Likewise, no information was made available about the Miami Beach Bicycle Share Program for the same reason. This I consider the biggest let down of the meeting. Miami Beach is about to launch a program unique in South Florida, one that will put hundreds of bikes on the road for both visitor and resident alike, one that will test the bicycle facilities of this city to the max, and we simply had no information available. From various online sources (and a quick Google search to confirm) I already knew that the bike share program is set to launch in the spring of 2010, and that was more info than folks there had. I’ll leave the Miami Beach Bike Share Program aside for now because I want to do a whole post on the subject.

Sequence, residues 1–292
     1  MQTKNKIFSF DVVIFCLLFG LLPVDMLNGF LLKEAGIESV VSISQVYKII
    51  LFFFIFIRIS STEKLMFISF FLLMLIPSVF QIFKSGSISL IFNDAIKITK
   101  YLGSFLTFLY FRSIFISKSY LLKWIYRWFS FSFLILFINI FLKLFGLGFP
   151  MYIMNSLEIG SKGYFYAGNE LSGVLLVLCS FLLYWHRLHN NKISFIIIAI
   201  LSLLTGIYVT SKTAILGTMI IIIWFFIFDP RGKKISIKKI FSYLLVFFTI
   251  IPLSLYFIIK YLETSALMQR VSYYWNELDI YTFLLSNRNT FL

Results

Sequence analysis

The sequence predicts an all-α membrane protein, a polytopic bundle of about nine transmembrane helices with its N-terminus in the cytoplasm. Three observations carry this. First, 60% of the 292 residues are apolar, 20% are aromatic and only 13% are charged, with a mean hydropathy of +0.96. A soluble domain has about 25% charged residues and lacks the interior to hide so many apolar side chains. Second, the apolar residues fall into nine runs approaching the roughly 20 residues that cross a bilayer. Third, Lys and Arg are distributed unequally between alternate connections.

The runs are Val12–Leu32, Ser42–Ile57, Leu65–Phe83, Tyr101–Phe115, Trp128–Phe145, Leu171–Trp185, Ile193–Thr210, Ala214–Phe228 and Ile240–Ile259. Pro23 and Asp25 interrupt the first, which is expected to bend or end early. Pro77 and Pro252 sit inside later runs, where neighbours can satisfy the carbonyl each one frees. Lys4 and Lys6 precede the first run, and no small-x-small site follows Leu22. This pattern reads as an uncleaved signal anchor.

We discussed bike racks and learned new ones are going up now in November in the North Beach area (awesome, because we sorely need them). We also discussed changes to the Bicycle Parking Ordinance, dealing with recommended codification on the minimum number of “short-term” and “long-term” bike parking options in different areas. This took a little while because the terms short- and long-term created certain expectations that did not necessarily match the proposed type of use in the ordinance. The ladies presenting the ordinance (I assume they were from the City, but no one made that clear one way or another) acknowledged that the minimums presented had been arrived at based on a national average and that they did not match up with those presented in the Miami 21 document or the Miami-Dade County bicycle plans. They also seemed to be unaware of the release and adoption of the Miami Bicycle Master Plan, which does cover bicycle parking in section 7.